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Waar Strikes.

Byline: Muhammad Omar Iftikhar

Waar is an attempt to tell the world that the armed forces of Pakistan are doing everything in their capacity to curb the menace of terrorism and its intelligence agencies are fighting, behind the scenes, against the enemies of the state.

Waar, directed by Bilal Lashari, has raised the bar for Pakistani films, setting the cinematography benchmark even higher. The English-language film features Shaan, Ayesha Khan, Shamoon Abbasi, Meesha Shafi and Ali Azmat. Although Zinda Bhaag, another film from Pakistan directed by Meenu Gaur and Farjad Nabi, became an Oscar nominee, Waar received unprecedented public appreciation because of its patriotic theme.

The movie revolves around Major Mujtaba (Shaan Shahid), who is a retired army officer and specializes in counterintelligence. After an Indian spy Ramal (Shamoon Abbasi) arrives in Pakistan and the authorities learn about his devious schemes, they force Mujtaba to come out of retirement and help them catch Ramal. Although Mujtaba doesn't want to be a part of the game anymore, it is his desire for vengeance that makes him rethink his decision. The major had lost his wife and son in a bomb blast a few years ago and Ramal, he is told, was the one who had planned the attack.

Actor and singer Meesha Shafi plays the role of Laxmi, an Indian spy disguised as a social worker, who takes orders from her superiors in India and directs Ramal about his objectives. Singer Ali Azmat makes his big-screen debut in the role of Ejaz Khan, a politician who wants to build a dam to protect Pakistan's future. His character reminds one of Imran Khan because of similarities in their body language and his revolutionary vision to bring about a change in the country.

Although the film has a strong cast, it seems more like a collection of good shots put together. Many scenes simply do not have any link or coherence. There is no explanation for some actions taken by the characters. For instance, you are left guessing what could be the motive behind the killing of Ejaz Khan and his wife. It is also strange to see Taliban commanders joining hands with an Indian spy to wreak havoc in the country. Similarly, no explanation is given about how an Indian spy becomes the Taliban's associate in the first place.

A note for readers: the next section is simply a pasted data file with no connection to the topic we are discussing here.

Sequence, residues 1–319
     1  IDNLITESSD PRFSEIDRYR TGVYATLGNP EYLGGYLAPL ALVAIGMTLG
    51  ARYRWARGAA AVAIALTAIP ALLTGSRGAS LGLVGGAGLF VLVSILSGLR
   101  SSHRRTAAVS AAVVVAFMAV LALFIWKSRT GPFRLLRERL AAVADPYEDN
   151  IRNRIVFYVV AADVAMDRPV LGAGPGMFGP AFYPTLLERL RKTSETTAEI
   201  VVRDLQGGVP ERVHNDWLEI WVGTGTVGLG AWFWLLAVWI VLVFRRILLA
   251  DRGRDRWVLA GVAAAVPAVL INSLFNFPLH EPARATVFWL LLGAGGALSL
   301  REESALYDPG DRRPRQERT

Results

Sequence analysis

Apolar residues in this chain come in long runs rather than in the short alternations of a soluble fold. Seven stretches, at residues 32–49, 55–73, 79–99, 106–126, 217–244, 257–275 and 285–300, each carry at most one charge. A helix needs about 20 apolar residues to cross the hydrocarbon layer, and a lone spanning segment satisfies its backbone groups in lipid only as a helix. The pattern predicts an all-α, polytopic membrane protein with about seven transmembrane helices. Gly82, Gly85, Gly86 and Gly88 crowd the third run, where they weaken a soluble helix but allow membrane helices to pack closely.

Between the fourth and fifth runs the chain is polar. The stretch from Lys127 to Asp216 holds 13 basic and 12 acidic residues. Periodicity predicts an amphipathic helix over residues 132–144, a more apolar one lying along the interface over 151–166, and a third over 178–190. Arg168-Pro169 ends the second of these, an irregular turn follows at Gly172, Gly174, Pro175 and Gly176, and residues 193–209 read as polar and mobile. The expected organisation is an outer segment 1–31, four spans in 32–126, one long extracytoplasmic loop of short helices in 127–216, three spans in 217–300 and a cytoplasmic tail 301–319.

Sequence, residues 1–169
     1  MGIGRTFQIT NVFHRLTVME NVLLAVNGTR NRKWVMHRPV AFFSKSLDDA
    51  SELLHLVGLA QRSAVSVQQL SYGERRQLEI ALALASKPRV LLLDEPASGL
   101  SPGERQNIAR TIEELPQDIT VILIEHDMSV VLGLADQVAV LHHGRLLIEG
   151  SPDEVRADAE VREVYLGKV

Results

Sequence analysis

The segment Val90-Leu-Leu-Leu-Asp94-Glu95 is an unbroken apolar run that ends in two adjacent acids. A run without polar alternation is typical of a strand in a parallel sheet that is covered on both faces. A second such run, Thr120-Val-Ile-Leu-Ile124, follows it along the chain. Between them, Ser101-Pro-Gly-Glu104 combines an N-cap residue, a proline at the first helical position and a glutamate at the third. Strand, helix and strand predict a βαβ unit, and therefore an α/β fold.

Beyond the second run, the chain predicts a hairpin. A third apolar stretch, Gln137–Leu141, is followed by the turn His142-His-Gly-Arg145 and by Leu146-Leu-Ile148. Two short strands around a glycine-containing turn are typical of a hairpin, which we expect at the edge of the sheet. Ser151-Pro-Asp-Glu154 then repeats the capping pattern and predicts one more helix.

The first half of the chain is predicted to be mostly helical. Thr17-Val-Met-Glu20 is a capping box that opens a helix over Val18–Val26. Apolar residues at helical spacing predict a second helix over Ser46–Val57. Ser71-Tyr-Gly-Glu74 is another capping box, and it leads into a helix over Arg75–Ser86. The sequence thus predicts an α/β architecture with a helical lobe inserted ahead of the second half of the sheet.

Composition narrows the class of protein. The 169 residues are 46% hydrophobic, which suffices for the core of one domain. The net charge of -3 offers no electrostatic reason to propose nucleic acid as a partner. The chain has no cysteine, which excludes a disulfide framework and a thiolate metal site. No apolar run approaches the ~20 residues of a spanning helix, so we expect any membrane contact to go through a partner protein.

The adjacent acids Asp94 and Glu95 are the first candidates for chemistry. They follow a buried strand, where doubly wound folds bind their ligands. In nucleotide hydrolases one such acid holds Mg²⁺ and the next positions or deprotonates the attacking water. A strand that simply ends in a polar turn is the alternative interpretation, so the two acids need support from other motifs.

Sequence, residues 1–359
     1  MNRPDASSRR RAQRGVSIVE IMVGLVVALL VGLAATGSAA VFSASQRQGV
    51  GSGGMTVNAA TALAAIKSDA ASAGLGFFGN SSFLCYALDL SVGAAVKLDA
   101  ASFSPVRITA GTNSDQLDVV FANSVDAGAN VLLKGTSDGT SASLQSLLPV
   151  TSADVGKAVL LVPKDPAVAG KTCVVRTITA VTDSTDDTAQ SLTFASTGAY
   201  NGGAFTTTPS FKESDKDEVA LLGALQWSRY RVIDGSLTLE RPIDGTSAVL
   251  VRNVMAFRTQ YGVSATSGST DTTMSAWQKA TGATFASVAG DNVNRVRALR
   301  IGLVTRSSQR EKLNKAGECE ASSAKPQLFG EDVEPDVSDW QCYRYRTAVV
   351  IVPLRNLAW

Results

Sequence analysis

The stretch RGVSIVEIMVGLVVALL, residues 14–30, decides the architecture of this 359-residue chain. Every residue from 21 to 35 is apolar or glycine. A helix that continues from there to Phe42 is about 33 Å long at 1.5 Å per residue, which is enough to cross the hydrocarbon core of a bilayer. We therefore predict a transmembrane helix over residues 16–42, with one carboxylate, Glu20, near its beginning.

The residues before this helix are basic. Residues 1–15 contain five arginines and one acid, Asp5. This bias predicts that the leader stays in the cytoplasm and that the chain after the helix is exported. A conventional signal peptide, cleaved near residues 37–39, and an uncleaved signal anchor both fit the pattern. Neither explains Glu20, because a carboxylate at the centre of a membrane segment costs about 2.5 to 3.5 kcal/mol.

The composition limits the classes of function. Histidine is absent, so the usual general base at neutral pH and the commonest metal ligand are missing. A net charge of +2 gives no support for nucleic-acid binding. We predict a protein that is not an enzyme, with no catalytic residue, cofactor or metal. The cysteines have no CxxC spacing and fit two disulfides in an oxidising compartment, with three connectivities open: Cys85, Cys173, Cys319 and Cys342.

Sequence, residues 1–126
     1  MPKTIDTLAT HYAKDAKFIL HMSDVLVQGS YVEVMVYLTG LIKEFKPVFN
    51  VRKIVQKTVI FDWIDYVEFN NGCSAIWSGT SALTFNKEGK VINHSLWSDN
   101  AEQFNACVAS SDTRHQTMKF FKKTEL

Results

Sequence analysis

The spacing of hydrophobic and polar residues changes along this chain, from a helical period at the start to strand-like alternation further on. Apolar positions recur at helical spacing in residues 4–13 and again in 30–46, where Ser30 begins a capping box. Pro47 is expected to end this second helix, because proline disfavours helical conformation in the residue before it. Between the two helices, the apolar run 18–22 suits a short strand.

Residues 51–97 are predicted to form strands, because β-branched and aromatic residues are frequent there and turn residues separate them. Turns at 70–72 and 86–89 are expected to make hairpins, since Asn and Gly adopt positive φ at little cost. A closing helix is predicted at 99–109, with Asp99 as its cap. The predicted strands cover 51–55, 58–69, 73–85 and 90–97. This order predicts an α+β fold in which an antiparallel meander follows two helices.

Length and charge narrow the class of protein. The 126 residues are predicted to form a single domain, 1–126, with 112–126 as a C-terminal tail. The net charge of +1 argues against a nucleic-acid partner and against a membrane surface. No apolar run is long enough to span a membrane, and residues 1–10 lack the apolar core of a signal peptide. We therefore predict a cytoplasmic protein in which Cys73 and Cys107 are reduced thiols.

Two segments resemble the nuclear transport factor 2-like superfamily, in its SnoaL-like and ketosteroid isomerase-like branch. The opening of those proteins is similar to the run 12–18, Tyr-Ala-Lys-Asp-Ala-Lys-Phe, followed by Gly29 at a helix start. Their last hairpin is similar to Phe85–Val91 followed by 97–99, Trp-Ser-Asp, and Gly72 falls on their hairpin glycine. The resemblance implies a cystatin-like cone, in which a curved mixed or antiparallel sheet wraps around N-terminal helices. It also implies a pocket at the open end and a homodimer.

These and other unanswered questions in the plot lead to ambiguous situations which make the movie look like a compilation of well-executed scenes having little connection. This is probably because Bilal Lashari is still inexperienced in film direction and Waar is his directorial debut.

Some movie critics may term the film as an ISPR-funded propaganda, but director Lashari refutes all this. Written by Hassan Waqas Rana, the film was screened in 42 cinemas across Pakistan and bagged Rs.11.4 million on the opening day. This means that Waar did strike a chord with the audience.

From a broader perspective, Waar is an attempt to tell the world that the armed forces of Pakistan are doing everything in their capacity to curb the menace of terrorism and its intelligence agencies are fighting, behind the scenes, against the enemies of the state. The movie focuses on the serious matter of foreign hands destabilizing the country and perhaps that is why people think it is military propaganda.

Regardless of what the critics say, Bilal Lashari's venture needs to be praised. His action sequences are commendable. The opening scene, for instance, where Ehtesham (Hamza Ali Abbasi) and his team infiltrate a terrorist hideout to rescue a Chinese looks like a scene out of a Hollywood film. It requires a certain level of vision to execute something like this.

The Waar plot is a straightforward one with Major Mujtaba chasing Ramal and the intelligence agencies trying their best to protect the country. There may be loopholes in the story but the acting is mostly flawless. Shaan takes most of the screen time and delivers his part with perfection. His expressions, body language and dialogue delivery shows why he is still Pakistan's most sought-after actor. Although Ayesha Khan, who plays the role of an intelligence officer working under Shaan, is a good actress, her performance on the big screen is not up to the mark.

The proficiency with which actors use firearms, especially in the scene where Mujtaba is displaying his skills in the firing range, is a textbook scene that sends chills down the spine.

The writer is a former Assistant Editor of SouthAsia Magazine. He freelances on regional and social issues.
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Publication:South Asia
Geographic Code:9PAKI
Date:Jan 31, 2014
Words:755
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